They all produce lift and direct the flow of water under your board, allowing you to sit more on top of the wave. With a nice down rail, you can have lots of control on good days, helping to keep the rail in the water.
Convex contours, on the other hand, are any part of the bottom of your board that sits lower into the water than your rail.
Found on a lot of longboards, displacement hulls and sometimes hybrids, these help the the transition from rail to rail, and can provide some forgiving stability depending on the board.
Depending on the board, you may see convexes as: a smooth, rolled “belly”; hard angled Vee; or in various degrees of the two.
The rolled “belly” can be seen on a lot of longboards, and blending into some hybrid style shapes. It’s generally found around the nose and running down the length of the board until it is blended into another contour.
This can help keep the rails of your nose above the water line, preventing you from pearling…which is especially handy when doing out of some turns.
Vees are usually found around the tail of any style of board, and help with control off your back foot, as well as assisting your rail to rail transition from the tail.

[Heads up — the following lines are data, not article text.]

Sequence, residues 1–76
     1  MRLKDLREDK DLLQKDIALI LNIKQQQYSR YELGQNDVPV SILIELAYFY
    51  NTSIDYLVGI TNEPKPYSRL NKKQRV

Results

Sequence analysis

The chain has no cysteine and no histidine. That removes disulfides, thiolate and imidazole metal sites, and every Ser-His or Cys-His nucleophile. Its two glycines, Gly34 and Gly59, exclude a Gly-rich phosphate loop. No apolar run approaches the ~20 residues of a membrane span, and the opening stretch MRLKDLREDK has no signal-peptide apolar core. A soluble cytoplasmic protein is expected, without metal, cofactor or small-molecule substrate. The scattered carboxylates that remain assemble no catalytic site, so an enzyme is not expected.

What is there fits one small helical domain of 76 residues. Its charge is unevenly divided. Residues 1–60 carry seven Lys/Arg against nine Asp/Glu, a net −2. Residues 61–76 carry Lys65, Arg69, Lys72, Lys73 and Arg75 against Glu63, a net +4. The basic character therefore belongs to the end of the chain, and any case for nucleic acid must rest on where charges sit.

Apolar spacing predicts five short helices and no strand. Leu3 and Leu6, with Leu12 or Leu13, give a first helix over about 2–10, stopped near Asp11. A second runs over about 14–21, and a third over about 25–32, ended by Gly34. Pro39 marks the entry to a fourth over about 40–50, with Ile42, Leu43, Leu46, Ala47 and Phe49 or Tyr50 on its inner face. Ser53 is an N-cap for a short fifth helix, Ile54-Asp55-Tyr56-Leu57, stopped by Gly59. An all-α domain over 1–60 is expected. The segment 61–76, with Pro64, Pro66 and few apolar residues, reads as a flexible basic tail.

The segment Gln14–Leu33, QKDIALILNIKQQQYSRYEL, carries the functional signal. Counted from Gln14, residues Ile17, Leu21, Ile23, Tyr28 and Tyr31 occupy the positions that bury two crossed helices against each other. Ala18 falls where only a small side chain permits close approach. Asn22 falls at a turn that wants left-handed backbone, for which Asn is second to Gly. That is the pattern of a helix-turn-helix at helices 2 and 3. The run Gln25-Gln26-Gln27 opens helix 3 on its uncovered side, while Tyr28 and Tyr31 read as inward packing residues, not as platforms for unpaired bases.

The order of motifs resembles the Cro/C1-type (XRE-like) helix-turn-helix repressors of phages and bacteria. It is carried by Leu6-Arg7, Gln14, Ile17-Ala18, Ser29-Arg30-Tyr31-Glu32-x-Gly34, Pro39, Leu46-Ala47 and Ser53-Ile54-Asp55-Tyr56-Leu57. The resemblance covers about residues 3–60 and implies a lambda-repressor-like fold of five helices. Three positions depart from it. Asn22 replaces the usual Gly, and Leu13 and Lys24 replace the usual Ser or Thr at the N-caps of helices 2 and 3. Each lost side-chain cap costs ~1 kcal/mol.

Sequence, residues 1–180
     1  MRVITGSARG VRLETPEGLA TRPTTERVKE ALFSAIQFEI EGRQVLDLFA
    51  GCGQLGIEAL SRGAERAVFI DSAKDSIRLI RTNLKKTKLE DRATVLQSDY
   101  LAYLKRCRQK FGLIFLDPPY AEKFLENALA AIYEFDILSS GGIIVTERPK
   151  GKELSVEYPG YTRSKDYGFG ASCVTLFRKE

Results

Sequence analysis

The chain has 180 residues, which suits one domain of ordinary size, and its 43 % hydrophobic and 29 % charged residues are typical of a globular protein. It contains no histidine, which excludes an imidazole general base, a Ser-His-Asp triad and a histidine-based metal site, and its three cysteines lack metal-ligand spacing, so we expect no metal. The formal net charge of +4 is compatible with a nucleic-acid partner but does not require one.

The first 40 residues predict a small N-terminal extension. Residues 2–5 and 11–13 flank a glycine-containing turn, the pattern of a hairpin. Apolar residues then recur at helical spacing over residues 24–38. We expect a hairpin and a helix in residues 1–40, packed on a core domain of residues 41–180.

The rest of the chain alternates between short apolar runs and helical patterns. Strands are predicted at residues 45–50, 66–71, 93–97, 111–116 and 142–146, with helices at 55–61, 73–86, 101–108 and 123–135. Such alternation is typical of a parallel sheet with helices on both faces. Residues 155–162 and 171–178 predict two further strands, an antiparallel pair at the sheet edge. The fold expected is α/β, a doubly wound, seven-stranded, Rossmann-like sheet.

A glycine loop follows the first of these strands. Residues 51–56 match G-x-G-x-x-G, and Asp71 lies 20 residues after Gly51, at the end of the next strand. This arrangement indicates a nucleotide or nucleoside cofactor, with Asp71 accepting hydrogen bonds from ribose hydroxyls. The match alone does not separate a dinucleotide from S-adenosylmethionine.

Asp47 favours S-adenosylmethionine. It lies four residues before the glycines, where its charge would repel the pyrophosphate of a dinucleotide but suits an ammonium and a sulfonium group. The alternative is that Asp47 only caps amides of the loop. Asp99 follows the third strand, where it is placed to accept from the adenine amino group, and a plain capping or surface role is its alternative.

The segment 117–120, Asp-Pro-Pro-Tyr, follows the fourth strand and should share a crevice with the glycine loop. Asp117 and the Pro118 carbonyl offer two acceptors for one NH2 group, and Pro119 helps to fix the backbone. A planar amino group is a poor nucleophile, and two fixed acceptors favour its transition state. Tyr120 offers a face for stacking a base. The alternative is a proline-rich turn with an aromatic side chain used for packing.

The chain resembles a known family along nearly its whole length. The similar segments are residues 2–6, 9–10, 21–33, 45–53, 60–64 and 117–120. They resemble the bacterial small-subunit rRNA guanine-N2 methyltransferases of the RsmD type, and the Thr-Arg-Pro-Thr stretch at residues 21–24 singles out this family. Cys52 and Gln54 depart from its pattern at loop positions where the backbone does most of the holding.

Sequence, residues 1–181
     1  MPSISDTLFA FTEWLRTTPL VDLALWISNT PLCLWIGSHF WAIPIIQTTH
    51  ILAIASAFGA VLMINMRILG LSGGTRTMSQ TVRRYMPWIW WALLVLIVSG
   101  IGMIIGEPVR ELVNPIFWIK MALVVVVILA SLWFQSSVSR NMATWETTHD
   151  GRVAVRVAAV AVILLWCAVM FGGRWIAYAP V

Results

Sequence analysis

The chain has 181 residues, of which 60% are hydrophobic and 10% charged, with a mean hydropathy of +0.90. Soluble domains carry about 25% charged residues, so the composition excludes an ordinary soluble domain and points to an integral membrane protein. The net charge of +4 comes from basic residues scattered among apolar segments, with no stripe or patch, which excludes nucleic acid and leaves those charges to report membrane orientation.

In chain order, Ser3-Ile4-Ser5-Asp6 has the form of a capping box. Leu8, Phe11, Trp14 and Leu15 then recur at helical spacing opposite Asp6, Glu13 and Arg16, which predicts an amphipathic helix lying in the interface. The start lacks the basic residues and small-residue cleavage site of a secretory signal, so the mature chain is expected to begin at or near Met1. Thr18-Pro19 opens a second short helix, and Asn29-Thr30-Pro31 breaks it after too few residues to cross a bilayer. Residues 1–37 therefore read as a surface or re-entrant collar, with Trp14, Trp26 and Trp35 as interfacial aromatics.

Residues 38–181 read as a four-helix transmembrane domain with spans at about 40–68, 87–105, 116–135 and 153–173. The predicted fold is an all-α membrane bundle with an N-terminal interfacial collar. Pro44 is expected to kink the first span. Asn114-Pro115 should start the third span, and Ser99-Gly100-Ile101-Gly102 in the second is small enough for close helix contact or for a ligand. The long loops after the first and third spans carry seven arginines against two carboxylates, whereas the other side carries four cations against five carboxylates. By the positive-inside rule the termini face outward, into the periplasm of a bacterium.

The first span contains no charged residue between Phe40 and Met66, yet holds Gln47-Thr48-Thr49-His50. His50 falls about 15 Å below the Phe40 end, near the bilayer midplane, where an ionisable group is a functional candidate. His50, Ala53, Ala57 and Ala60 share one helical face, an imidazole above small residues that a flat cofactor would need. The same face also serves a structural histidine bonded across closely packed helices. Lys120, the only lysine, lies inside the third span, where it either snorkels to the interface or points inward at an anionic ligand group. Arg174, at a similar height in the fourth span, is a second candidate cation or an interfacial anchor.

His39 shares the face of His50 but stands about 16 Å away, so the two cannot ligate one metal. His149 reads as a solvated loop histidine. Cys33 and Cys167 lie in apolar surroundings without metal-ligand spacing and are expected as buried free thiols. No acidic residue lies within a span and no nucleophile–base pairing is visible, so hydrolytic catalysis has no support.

Blending your bottom contours:
The way your board is going to interact with the wave is going to be partly due to how these concave are blended together.
We will take a look at three basic examples of common combinations that you will find. (there are endless combinations, no one way is the “right” way, these are just examples).
Some single concave transitions into doubles and vees.
In many high performance shortboards, you may commonly find a somewhat flat section running through the nose, which many then blend into a deep single concave through the center of the board.
This may then blend into a double concave starting right around your fins, combined with a little Vee right off the end of your tail.
The flat section will help while you’re paddling into the wave, it gives you an even surface to plane on when lying down on your board and trying to paddle as fast as you can.
The single concave will help produce lift while you are up on your feet and riding the wave. It will also initially help set your rail into the face. This gives you both control and lift, keeping you on top of the wave while surfing.